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Hurricane Katrina and the tyranny of magical thinking

Hurricane Katrina and the tyranny of magical thinking
Grave markers sit among the floodwaters in Metairie Cemetery in New Orleans, where some of the crypt doors also came open following Hurricane Katrina. (Los Angeles Times)

Floodwater was everywhere — muddy-brown and streaked in pockets by an oily film. It covered the streets. It covered the lawns. It covered plazas and parking lots. And it lapped softly up against my porch, threatening to crest the lip and continue on through my front door.

I'd never seen anything like it in my life — and all I could do in response was crack open a beer, smile and take the whole scene in.

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In front of me, a group of women in bikinis, empty red cups in hand, ran barefoot through the slop on their way to find a keg of beer. It took less than a minute for them to come across a pack of shirtless men, covered in mud, who were more than happy to share their alcoholic bounty.

Nearby, a raised truck cruised past, towing a floating inner tube in its wake. Strangers hopped in the tube and went for a ride. Music boomed from all directions.

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If I wasn't already smitten with New Orleans, I was now. This city was magical.

As you may have guessed, I'm not talking about the aftermath of Hurricane Katrina. The year was 1998, and the city of New Orleans had just endured an assault from Hurricane Georges. Rains overwhelmed the city's ancient pumping system, but its levees held. A near catastrophe had turned into bacchanalia.

I was a freshman at Tulane University — mere weeks removed from an orderly, natural disaster-free life in my home city of Boston — too dumb and naïve to know I should have been terrified. The idea that an entire American city could be allowed to wallow under the threat of imminent destruction hadn't previously occurred to me.

My local friends knew better, but they didn't seem to let the thought bother them. The night before Georges made landfall in the U.S., nearly everyone I spoke with recited some version of what, for them, had been a lifelong trope.

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"If a storm actually hits us, the levees won't hold. We'll all be underwater. But the storm won't hit. They never do."

Sure enough, just like countless storms before it, Georges veered to the east at the zero hour, saving the worst of its wrath for those foolish enough to live in Mississippi, Alabama and Florida. New Orleans, magical place that it was, was safe.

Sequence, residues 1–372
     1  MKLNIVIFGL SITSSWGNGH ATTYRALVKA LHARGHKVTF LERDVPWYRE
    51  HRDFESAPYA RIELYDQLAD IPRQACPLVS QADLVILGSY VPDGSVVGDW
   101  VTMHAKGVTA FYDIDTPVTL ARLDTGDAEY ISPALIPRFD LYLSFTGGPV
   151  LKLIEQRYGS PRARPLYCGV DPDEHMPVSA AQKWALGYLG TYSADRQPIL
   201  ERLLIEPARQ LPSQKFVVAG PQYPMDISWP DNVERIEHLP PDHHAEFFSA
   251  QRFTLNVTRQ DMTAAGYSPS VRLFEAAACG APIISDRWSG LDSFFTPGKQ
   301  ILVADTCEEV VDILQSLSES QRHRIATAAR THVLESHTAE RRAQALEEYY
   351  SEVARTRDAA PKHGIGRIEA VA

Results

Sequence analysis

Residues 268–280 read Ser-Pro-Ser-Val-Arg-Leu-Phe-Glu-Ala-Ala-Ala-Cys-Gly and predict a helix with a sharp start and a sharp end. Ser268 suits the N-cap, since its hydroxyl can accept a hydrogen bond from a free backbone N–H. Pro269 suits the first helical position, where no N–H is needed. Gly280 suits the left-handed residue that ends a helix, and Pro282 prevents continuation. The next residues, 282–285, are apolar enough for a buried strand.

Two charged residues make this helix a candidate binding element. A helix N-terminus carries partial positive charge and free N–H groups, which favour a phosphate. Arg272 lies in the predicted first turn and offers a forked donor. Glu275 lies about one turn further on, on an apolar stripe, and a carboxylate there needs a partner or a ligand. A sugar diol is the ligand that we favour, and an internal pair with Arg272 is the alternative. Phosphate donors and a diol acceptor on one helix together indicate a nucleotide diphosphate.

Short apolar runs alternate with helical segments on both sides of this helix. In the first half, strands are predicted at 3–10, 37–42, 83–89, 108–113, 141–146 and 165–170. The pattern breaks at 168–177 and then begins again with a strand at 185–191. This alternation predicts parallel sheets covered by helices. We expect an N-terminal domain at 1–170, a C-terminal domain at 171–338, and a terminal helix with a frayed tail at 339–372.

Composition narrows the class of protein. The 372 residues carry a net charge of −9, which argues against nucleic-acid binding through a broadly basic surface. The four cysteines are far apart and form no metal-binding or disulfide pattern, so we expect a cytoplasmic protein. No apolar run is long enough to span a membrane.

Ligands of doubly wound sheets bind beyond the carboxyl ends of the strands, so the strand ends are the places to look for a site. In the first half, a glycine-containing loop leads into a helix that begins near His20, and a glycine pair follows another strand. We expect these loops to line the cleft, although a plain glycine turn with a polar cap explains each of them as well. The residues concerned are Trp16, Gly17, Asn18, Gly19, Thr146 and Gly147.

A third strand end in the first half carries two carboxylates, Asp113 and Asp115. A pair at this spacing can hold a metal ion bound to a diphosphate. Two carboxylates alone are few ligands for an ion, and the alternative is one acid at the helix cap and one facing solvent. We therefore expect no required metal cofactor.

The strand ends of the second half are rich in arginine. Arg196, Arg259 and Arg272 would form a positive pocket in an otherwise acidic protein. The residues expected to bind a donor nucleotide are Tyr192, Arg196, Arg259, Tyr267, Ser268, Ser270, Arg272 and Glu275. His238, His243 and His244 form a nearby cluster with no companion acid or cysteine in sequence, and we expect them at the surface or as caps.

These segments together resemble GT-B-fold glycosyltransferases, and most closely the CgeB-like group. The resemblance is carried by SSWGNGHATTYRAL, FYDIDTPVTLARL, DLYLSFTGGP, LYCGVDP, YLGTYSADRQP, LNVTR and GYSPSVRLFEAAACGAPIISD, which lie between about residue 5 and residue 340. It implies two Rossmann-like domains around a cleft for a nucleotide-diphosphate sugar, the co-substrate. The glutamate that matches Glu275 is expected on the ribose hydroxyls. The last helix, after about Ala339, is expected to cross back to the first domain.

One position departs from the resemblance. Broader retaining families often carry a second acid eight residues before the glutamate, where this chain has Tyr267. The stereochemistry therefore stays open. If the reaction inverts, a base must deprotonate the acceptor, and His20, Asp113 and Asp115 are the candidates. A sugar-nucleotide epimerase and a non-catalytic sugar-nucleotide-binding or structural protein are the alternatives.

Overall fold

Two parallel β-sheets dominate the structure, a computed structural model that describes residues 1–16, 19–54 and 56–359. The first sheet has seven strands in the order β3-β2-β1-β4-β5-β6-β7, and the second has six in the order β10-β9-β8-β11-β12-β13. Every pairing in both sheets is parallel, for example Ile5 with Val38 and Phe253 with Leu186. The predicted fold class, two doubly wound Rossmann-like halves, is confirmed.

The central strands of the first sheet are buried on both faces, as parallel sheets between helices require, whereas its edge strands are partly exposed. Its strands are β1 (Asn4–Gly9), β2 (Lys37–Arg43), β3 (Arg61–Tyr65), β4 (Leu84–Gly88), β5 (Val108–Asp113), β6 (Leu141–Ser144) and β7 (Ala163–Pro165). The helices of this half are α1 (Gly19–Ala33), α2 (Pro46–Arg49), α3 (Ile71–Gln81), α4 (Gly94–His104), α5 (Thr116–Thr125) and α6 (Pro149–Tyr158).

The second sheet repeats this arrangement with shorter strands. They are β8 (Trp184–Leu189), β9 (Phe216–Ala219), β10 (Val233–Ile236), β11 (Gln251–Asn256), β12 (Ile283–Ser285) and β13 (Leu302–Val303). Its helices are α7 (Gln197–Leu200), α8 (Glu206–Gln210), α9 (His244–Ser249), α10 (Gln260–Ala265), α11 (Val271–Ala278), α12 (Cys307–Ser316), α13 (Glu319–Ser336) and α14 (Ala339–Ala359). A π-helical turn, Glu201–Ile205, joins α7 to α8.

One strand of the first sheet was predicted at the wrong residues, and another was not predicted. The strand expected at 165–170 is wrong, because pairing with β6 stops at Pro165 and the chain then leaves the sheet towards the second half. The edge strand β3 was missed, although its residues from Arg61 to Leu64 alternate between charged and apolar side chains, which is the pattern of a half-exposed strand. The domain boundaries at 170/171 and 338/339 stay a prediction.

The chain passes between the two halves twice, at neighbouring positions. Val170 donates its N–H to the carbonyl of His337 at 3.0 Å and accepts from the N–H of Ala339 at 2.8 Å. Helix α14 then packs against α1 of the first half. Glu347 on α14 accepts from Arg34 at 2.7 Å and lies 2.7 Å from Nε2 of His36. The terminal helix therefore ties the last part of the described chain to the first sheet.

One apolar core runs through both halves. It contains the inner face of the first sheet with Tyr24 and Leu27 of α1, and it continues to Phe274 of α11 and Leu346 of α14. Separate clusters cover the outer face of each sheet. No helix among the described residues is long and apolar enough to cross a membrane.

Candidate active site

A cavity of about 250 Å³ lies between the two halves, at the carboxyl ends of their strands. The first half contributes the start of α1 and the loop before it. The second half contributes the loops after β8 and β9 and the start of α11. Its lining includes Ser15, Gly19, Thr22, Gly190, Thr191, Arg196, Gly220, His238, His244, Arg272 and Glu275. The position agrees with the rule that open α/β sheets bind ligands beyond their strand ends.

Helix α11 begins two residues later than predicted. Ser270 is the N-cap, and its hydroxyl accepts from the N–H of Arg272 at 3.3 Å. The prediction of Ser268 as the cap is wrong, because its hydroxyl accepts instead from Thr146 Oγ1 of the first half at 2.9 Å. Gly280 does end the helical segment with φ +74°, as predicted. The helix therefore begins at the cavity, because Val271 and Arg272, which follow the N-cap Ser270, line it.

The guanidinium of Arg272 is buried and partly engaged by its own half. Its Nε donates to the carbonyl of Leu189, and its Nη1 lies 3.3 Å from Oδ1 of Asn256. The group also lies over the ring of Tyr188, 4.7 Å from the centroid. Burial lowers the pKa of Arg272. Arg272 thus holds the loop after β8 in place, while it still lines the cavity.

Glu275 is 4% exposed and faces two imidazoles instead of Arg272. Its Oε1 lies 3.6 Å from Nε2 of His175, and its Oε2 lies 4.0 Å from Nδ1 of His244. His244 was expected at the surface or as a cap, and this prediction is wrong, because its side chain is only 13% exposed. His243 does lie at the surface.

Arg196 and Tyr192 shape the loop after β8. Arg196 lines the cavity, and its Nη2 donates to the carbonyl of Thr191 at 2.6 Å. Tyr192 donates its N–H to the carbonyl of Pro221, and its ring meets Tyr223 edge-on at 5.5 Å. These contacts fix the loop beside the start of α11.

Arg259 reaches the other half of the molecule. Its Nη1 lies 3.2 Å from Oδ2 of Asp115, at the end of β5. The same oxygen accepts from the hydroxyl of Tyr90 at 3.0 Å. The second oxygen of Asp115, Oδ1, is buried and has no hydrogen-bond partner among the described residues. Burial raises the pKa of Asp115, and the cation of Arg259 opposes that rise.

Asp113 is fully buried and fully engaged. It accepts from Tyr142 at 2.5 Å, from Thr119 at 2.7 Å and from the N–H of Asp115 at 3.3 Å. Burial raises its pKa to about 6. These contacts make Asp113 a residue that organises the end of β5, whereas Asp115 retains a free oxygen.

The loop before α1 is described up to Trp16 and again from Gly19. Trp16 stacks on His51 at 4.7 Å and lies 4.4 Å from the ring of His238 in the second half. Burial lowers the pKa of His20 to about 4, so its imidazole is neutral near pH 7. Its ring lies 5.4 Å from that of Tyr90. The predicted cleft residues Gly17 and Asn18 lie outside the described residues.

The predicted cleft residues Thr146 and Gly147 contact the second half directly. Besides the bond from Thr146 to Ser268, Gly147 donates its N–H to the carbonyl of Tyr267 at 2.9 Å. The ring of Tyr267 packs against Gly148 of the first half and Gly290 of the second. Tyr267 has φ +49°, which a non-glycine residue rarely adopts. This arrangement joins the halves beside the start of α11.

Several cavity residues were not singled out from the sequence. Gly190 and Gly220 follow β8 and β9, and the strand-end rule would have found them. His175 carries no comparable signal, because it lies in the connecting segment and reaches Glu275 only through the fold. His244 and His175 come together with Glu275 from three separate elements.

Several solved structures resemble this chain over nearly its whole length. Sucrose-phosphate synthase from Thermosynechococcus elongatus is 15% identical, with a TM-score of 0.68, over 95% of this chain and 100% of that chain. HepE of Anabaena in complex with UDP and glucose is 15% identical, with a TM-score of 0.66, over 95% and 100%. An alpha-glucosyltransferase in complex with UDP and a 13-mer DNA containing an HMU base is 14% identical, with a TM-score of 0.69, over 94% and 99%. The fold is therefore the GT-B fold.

It was a big, charming lie, another part of New Orleans' mystical aura — and I was more than happy to buy in.

Of course New Orleans wasn't safe. That's obvious now, 10 years after Hurricane Katrina nearly flushed the city into the bayou.

But it was obvious then too, for anyone who cared enough to look.

During my four years in New Orleans, both the Times-Picayune and the Houston Chronicle ran blockbuster exposés documenting the weaknesses of New Orleans' flood-protection system. Both said a disaster of epic proportions was only a matter of time. Both lamented federal and state inaction to prevent what was known to be one of the likeliest and potentially deadliest disasters to hit the United States — an earthquake in San Francisco or a terrorist attack in New York being the others.

"[W]e've been lulled to sleep," Louisiana State University's hurricane center director Marc Levitan warned in the Chronicle.

Those calls to action weren't enough. The same magical coping mechanism that enabled city residents to live without fear seemed to empower the rest of the country to ignore the certain danger one of its cities faced. It was easier (and cheaper) to believe that New Orleans was divinely touched than it was to fix its aging levees or its eroding wetland storm buffers.

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Ten years after Katrina, it's imperative to remember most of the devastation New Orleans endured was no "natural" disaster: It was a preventable tragedy.

But divine providence wasn't New Orleans' only exercise in self-deception. And it wasn't the only tragedy aided by the tyranny of magical thinking.

Why question anything?

I remember the first night I spent in the French Quarter like it was yesterday: underage, walking down Bourbon Street with a particularly boozy hurricane cocktail in hand, every saccharine sip endowing me with a taste of freedom I had never known.

After hours of wandering in and out of bars, my friends and I, music ringing in our ears, eventually stopped to watch a group of 8-year-old African American boys with bottle caps stuck to the bottoms of their shoes, tap-dancing for change (a common sight in those days, less so now). We never questioned what these kids were doing out unsupervised in the wee hours of the morning. We never bothered to consider the city's failing schools and crushing poverty.